But secondarily, horror was a place where things didn't end well. And there was power in that. I'll get to that too, in a second. But so I had some of these comics, but the first thing that I remember just blowing me away was Creepshow. And the way I got Creepshow was I had a friend named Frank Tsu, I still remember this. He lived on Roosevelt Island, and we took the tram to his house after school. And there was a Forbidden Planet back then on 57th Street and Third Avenue. It doesn't exist anymore, but we used to go to that store and then take the tram to his house. And one day he was able to pick up Creepshow.
It was drawn by Bernie Wrightson and it was based on stories by Stephen King. And I remember the two of us sharing it at his house. And there was one story, The Raft, that was about kids stranded on a raft when this oil slick surrounds them that actually is sentient and wants to kill all of them.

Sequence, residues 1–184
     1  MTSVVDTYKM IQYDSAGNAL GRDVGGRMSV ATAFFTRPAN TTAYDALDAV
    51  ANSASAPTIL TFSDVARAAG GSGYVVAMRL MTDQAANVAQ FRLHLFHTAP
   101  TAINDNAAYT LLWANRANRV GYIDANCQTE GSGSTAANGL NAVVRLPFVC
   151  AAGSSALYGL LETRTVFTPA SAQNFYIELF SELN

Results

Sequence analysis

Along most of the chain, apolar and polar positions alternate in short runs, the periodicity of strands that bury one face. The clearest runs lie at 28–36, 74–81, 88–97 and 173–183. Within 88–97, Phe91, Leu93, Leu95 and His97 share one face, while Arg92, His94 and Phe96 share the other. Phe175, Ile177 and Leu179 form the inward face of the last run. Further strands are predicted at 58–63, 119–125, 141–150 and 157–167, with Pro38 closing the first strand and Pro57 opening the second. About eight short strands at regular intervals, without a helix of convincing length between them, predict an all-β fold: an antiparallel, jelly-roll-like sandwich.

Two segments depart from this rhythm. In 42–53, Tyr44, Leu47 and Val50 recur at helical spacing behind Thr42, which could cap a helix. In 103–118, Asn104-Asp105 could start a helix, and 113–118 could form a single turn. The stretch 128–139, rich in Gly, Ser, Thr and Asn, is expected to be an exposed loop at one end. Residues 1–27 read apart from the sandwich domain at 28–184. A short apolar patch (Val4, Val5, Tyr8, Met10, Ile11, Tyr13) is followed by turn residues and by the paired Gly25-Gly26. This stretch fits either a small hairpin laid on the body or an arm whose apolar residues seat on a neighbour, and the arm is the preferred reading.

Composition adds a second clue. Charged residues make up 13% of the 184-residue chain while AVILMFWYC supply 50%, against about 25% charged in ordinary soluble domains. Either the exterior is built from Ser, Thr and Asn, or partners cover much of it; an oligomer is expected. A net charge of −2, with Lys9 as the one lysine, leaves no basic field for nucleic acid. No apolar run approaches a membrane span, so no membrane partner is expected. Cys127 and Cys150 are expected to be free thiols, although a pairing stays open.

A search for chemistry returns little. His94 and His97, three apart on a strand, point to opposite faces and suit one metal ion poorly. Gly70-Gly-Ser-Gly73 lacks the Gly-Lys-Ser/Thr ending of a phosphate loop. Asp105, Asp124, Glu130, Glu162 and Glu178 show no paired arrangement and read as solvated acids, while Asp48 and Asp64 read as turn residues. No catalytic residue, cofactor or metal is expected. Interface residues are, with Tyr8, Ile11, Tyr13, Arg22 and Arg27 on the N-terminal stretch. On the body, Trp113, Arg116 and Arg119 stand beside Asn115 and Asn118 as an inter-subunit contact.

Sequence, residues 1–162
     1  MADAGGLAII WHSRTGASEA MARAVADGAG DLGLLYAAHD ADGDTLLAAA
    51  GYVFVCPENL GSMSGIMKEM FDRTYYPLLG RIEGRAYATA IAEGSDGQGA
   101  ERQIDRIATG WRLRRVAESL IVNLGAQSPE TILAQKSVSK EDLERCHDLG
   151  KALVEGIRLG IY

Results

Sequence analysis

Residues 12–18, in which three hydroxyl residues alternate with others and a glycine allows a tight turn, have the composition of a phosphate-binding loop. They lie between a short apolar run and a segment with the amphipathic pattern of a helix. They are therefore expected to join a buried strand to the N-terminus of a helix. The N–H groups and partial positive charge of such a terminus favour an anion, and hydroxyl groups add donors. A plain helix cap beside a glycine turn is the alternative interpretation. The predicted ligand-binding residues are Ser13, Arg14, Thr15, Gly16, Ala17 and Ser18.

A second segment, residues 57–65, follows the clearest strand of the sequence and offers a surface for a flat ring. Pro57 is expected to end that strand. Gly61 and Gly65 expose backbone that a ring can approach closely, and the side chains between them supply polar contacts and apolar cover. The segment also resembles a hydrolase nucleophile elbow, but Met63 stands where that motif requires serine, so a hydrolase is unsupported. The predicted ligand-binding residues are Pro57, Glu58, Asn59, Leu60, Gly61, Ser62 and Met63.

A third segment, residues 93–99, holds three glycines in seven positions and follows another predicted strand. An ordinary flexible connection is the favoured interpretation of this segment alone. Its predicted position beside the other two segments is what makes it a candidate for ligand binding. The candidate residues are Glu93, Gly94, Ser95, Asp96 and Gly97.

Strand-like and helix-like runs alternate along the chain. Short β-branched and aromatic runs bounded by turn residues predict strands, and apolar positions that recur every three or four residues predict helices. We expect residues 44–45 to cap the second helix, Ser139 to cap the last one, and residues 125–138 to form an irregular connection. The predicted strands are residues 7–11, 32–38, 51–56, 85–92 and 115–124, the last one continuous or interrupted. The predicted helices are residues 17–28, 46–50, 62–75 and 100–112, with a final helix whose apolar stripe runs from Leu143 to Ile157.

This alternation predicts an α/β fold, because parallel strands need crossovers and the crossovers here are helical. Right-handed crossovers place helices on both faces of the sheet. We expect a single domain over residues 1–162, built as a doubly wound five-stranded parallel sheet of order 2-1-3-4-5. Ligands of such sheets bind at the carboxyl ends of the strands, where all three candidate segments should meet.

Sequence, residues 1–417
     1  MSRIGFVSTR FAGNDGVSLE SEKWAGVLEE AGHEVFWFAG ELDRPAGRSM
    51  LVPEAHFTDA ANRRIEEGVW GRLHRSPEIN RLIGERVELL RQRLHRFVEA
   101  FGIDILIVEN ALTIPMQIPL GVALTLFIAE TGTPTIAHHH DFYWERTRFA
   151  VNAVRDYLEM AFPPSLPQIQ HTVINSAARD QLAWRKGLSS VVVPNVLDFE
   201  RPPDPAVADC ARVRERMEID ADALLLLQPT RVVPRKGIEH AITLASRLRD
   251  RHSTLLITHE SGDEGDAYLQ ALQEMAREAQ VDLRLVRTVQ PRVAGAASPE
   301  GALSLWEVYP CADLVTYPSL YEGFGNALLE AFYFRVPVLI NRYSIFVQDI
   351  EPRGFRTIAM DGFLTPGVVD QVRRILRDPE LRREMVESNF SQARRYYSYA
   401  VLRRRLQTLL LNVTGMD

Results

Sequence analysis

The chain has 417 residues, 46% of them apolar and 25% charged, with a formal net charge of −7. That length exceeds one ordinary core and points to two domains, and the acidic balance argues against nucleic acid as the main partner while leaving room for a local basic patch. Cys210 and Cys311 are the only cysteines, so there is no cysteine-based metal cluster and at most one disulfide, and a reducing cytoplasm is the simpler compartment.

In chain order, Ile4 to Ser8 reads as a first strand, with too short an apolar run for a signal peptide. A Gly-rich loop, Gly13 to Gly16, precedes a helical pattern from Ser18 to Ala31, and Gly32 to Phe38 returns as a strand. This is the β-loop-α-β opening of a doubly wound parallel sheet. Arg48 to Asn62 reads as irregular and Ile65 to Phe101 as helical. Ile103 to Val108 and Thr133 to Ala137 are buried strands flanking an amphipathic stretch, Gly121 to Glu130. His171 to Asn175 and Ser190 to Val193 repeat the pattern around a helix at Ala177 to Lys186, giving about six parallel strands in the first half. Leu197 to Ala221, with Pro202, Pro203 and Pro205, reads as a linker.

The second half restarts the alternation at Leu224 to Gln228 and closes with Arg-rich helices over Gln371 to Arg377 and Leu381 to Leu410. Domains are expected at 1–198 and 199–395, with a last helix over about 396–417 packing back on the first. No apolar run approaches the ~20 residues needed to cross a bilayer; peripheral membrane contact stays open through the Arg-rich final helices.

I remember another story, The Crate, about this crate that's delivered that has a monster in it, a werewolf-looking thing, that scared me to death. And another about an apartment with roaches in it that overrun this guy, and so the more he tries to kill them, the more they eventually kind of overrun him and being in New York City back then in the 80s, believe me, roaches were a real terror.
But another one about a guy who essentially is infected by a fungus and hides himself in a cave and eventually becomes this horrible blob that overtakes people and eats them. And the whole thing that was powerful to me about that was, of course the art was amazing, the storytelling was fantastic, but it was the fact that those stories didn't end well. They all ended darkly. Every single one of them had some really terrifying last page.